Here’s how they were selected:

            These jokes were selected on the basis of pilot research conducted by Viki et al. (2006). In this pilot study, twenty-four men were asked to rate 57 jokes in terms of their funniness and sexism. We selected eight jokes out of the pool of the 57 rated jokes (see Appendix). These jokes were similar in terms of funniness ratings, but distinct in terms of sexism ratings. The four selected sexist jokes were rated as equally funny (M = 4.17, SD = 2.26) to the four non-sexist jokes (M = 4.13, SD = 1.52), F (1, 23) = 0.513, ns. However, the sexist jokes were rated as being significantly more sexist (M = 7.40, SD = 1.77) than the non-sexist jokes (M = 1.29, SD = .61), F (1, 23) = 93.93, p< .001.

          • says

            As for the third study, it was done in Spain and used a scale that was developed in Spanish to assess humor:

            The jokes used in each of the experimental conditions (four in the
            sexist joke condition and four in the nonsexist joke condition) were taken from the Escala de Apreciación del Humor, EAHU (Humor Appreciation Scale; Carretero-Dios, Pérez, & Buela-Casal, 2009). The EAHU is a scale with 32 items (jokes or graphic cartoons), which are answered using two 5-point Likert scales from 0 (not funny/no aversiveness) to 4 (very funny/ strong aversiveness). This scale has adequate psychometric properties to assess six empirically isolated factors (Carretero-Dios et al., 2009). For the present study, we selected the four items that form the woman disparagement humor factor in the EAHU for the sexist joke condition (funniness Cronbach’s a = .59, aversiveness Cronbach’s a = .72). For the nonsexist condition, we selected four other elements among the items that represent neutral content jokes in the EAHU (funniness Cronbach’s a = .69, aversiveness Cronbach’s a = .59).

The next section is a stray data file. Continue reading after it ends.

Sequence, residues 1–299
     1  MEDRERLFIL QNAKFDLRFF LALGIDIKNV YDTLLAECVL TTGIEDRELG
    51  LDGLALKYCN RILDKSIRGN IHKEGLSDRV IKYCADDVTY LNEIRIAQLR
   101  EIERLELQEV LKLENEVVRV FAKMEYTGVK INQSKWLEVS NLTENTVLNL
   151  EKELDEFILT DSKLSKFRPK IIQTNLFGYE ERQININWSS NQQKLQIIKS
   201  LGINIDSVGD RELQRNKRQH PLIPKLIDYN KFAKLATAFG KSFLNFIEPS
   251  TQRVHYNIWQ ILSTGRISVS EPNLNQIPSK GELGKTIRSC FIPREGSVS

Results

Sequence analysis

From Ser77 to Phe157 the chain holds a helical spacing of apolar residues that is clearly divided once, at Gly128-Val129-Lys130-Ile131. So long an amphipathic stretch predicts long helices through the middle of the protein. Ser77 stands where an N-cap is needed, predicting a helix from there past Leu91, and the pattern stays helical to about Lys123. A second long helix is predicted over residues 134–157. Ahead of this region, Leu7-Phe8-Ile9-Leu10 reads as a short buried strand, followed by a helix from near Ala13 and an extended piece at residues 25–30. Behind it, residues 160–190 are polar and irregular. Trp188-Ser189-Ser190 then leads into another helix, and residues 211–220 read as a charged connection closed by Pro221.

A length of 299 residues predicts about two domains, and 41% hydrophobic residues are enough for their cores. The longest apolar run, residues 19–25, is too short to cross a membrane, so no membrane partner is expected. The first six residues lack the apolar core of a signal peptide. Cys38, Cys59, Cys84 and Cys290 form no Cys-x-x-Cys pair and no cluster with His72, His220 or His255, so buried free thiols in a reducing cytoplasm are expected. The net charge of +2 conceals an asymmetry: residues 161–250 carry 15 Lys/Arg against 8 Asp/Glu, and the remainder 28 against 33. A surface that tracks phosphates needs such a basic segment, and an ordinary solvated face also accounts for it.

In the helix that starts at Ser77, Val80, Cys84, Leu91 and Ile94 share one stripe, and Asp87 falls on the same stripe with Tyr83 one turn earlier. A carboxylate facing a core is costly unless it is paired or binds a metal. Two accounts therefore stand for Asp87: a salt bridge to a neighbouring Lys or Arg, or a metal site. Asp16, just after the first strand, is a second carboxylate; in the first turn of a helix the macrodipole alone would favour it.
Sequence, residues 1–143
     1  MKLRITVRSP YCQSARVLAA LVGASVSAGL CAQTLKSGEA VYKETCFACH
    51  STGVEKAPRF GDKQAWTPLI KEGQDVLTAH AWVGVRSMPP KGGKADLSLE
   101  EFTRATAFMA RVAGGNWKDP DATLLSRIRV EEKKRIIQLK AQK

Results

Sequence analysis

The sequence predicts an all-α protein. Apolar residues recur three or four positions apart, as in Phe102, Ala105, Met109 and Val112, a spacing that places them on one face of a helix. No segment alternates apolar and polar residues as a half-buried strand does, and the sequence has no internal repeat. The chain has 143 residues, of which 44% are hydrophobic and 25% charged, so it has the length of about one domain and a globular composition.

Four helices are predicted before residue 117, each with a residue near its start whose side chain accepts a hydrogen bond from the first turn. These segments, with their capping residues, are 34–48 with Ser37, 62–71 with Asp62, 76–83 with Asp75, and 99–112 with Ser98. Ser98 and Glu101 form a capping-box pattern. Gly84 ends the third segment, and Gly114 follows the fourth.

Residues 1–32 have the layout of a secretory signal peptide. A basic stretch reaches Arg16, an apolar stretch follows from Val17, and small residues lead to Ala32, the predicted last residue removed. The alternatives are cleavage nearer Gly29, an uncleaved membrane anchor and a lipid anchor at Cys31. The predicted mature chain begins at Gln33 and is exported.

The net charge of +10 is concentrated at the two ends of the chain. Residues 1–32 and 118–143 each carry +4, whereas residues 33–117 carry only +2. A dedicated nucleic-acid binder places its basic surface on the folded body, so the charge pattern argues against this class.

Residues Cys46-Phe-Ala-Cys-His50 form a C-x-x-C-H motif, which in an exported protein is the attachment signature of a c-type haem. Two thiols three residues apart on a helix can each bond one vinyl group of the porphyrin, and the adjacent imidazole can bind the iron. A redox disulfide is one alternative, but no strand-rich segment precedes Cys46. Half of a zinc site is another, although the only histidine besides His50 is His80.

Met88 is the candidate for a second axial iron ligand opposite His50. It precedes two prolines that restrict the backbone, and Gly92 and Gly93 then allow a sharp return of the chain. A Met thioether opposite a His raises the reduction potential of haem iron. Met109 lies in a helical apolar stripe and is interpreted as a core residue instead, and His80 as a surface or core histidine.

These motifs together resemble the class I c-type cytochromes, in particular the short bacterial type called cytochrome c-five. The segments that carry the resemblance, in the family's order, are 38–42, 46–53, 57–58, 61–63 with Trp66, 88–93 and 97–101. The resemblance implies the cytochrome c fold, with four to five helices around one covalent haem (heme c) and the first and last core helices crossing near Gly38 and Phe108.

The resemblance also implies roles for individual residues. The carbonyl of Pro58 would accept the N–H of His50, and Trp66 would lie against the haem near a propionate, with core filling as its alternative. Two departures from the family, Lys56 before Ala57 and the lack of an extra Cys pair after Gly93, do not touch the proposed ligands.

So, I could probably find the jokes themselves if I tried, but they might not be in English. :P

            That does indeed look like a cool Kickstarter.

          • rumblestiltsken says

            I had steered clear of that kickstarter because the video seemed to be a bunch of comedians complaining that everyone wants to limit their speech and were humourless fascists.

            Did I misinterpret the promos?

  4. smrnda says